TWO BIG DOGS AND A LITTLE ONE
Nobody who has ever been the master of a huge, good-natured, silent Newfoundland dog, could bear to have a little fretful, yapping creature as his daily companion, however beautiful it might be. A Newfoundland is large and awkward ; he waddles along in a very ungraceful manner, and he will probably never think of moving for visitors, if he takes a fancy to stretch his great body on your doorstep ; but he is so strong that the most timid woman would feel quite safe in his care, and so silent that one growl from him rouses the soundest sleeper to a sense of danger. He has webbed feet, and can swim like a duck, and in many places he is almost as good as a life-boat.
Big though he is, a Newfoundland dog is full of life and spirits ; full, too, of affection for his master, whom he is always anxious to help and defend. He is easily taught, and untiring in his efforts to carry out his master's wishes, never interfering or quarrelling unless he (or still more, his master) is first attacked, but always on the look out for danger to those whom he loves.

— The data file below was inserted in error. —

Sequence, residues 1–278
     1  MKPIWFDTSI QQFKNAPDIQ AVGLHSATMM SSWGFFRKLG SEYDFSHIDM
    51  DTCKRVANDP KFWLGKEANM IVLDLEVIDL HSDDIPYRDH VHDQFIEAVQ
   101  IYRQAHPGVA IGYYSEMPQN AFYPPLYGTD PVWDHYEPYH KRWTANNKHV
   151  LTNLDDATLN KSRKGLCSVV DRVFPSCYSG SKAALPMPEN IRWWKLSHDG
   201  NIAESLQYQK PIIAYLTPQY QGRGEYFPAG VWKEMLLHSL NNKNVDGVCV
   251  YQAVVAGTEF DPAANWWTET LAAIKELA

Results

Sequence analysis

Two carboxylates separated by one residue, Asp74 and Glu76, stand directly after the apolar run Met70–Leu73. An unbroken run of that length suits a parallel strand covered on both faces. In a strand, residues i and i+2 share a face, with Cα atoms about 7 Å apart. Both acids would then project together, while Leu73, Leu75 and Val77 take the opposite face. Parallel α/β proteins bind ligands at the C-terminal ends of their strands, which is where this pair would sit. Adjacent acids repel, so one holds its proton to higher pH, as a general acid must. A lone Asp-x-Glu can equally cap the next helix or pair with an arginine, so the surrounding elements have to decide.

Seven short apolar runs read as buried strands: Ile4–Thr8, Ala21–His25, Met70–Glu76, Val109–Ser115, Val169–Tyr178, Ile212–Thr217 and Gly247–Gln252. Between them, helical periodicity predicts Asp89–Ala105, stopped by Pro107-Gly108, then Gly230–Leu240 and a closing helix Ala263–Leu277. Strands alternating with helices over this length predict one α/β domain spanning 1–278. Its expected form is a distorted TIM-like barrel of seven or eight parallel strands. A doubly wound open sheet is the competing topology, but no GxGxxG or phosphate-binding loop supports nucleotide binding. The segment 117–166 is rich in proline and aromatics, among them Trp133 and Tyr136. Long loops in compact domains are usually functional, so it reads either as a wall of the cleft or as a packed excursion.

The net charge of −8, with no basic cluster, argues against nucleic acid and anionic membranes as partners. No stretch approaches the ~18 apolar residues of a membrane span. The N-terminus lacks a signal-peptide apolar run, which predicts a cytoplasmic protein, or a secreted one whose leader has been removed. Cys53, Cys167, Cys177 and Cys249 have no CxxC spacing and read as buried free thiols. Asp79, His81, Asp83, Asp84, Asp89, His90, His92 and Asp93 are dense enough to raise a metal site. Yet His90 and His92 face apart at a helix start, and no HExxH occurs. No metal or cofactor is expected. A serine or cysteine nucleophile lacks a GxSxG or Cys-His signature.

In their own country, Newfoundland dogs play the part that oxen do in Italy, or horses elsewhere. And more ; for, wherever they know the road, they can be trusted to draw their carts or sledges piled with wood or hay without being watched by a driver. When they arrive at "home they are given their dinner, generally of dried fish, which they much prefer to any other dainties,